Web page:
Michigan Police Chief Lied About Crucial Drawing in Davontae Sanford Trial
Michigan Police Chief Lied About Crucial Drawing in Davontae Sanford Trial

A former Michigan State police chief fabricated a crucial piece of evidence during the 2007 murder trial of then-14-year-old, Davonte Sanford.

Sanford, now 23, was released on June 8 after spending the last 9 years in prison for crimes he did not commit. Sanford had been sentenced to at least 38 years in prison for the 2007 slayings of four people.

The fabricated evidence was a drawing of the crime scene, in which Michigan State Deputy Police Chief James Tolbert, in 2010, lied under oath and said Sanford had drawn the picture, indicating he had full knowledge of the scene.

“Mr. Sanford being able to draw the sketch would demonstrate that all of the information came from Mr. Sanford’s recollection of his participation in the crime,” said Wayne County Prosecutor Kym Worthy in a powerpoint presentation she showed at a press conference. 

A sergeant from the department also testified that the initial sketch was written and signed by Sanford.

(Wayne County Prosecutor's Office)
(Wayne County Prosecutor’s Office)

But in 2015, Michigan State Police officials interviewed Tolbert during a reinvestigation of the case—this time, Tolbert confessing to drawing it and passing it off as Sanford’s.

(Wayne County Prosecutor's Office)
(Wayne County Prosecutor’s Office)

“When evidence undermining a conviction is discovered and a full investigation is completed, we do act,” Worthy said. “On receipt of the MSP report regarding the Runyon St. murders, I directed that the evidence of Tolbert’s statement be shared with Mr. Sanford’s attorneys.”

Worthy said: “New information has undermined Sanford’s confession and plea, and as a result, we agreed to vacate his convictions and dismiss the case.”

Sanford was officially released on June 8, a day after all charges against him were dropped. 

The family of Davontae Sanford, from left, sister LaMaze Sanford, 15, pastor W.J. Rideout III, mother Taminko Sanford-Tilmon, sister Deshonda Davis, 18, and nephew, bottom, Omari Sanford, 5, react when they see Davontae get out of the car, as Davontae Sanford is reunited with his family after being released from prison, Wednesday, June 8, 2016, at his mother's home in Detroit. (Robin Buckson/The Detroit News via AP)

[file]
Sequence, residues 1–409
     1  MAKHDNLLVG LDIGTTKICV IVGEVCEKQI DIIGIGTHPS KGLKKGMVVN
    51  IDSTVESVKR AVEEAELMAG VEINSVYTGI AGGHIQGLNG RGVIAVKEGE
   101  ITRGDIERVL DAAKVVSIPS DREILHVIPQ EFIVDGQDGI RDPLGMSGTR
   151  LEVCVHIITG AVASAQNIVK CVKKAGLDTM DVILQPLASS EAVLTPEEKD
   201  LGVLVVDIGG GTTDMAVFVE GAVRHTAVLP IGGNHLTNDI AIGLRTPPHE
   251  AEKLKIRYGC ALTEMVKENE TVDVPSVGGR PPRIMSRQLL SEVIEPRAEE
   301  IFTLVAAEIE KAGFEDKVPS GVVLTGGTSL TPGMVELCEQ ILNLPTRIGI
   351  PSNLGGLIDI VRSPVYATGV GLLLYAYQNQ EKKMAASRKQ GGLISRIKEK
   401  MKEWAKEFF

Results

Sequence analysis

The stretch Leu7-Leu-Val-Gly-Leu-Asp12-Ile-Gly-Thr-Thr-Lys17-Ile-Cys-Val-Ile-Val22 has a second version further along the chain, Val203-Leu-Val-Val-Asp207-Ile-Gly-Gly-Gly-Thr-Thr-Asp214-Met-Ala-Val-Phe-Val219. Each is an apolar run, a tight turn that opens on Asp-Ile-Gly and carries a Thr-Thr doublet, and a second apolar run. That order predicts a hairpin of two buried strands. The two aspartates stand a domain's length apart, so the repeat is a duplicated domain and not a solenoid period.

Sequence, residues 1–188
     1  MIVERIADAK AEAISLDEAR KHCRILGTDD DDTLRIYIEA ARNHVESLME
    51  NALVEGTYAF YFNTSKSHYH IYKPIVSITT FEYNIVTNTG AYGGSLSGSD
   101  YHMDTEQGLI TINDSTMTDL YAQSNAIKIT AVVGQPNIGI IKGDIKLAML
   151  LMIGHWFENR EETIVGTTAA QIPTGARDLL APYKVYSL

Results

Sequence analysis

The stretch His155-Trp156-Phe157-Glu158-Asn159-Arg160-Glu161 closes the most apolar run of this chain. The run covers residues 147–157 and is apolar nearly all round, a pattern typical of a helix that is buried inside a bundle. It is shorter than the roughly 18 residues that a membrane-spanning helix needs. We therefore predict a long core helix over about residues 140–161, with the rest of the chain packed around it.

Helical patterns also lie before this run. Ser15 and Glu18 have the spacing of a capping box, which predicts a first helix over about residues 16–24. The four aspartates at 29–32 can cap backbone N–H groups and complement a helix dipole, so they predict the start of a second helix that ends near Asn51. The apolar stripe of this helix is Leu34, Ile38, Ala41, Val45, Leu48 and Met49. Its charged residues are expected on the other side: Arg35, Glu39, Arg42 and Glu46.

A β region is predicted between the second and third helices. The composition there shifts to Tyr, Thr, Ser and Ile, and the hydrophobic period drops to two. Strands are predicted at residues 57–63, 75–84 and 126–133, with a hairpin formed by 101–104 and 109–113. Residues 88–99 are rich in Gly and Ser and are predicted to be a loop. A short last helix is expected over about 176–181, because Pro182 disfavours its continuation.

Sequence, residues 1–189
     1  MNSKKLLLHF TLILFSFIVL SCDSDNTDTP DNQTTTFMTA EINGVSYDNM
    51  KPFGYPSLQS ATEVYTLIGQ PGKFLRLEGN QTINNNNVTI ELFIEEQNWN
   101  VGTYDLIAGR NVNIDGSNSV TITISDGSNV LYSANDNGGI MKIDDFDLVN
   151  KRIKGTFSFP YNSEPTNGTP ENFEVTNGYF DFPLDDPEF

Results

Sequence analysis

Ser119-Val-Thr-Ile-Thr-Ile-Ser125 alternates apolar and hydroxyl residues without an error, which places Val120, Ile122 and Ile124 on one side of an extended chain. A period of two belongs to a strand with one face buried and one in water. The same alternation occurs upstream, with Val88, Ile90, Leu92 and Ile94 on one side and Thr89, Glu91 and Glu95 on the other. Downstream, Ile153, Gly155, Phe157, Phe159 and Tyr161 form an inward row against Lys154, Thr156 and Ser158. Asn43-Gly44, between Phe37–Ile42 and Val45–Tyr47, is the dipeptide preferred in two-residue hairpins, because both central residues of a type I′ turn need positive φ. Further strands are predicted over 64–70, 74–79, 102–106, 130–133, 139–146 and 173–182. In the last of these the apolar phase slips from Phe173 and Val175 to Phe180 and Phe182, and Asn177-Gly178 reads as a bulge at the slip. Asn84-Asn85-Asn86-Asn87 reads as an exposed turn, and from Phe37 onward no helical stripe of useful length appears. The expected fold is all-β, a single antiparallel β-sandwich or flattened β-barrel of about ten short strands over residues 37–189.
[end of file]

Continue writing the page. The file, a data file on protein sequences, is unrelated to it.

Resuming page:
The family of Davontae Sanford, from left, sister LaMaze Sanford, 15, pastor W.J. Rideout III, mother Taminko Sanford-Tilmon, sister Deshonda Davis, 18, and nephew, bottom, Omari Sanford, 5, react when they see Davontae get out of the car, as Davontae Sanford is reunited with his family after being released from prison, June 8, 2016, at his mother’s home in Detroit. (Robin Buckson/The Detroit News via AP)

Davontae Sanford is reunited with his mother, Taminko Sanford-Tilmon at their home in Detroit on Wednesday, June 8, 2016 after being released from prisont. (Robin Buckson/The Detroit News via AP)
Davontae Sanford is reunited with his mother, Taminko Sanford-Tilmon, at their home in Detroit on June 8, 2016, after being released from prison. (Robin Buckson/The Detroit News via AP)

Just two weeks after Sanford pleaded guilty and was sentenced, Vincent Smothers, a self-proclaimed professional hitman, admitted to committing the murders, and provided evidence from the crime scene—evidence that Sanford had previously gotten wrong during his testimonies.

This Aug. 3, 2013 file photo provided by the Michigan Department of Corrections shows imprisoned hit man Vincent Smothers. (Michigan Department of Corrections via AP, File)
This Aug. 3, 2013, file photo provided by the Michigan Department of Corrections shows imprisoned hitman Vincent Smothers. (Michigan Department of Corrections via AP, File)

It is believed Sanford, being young and naive, accepted his guilty plea at the time after suspected coercion from the Detroit Police Department, who led the teen to believe if he pleaded guilty he would be set free.

There was a warrant request submitted by the Michigan State Police for James Tolbert as a result of the April 2015 findings—it is currently under review.

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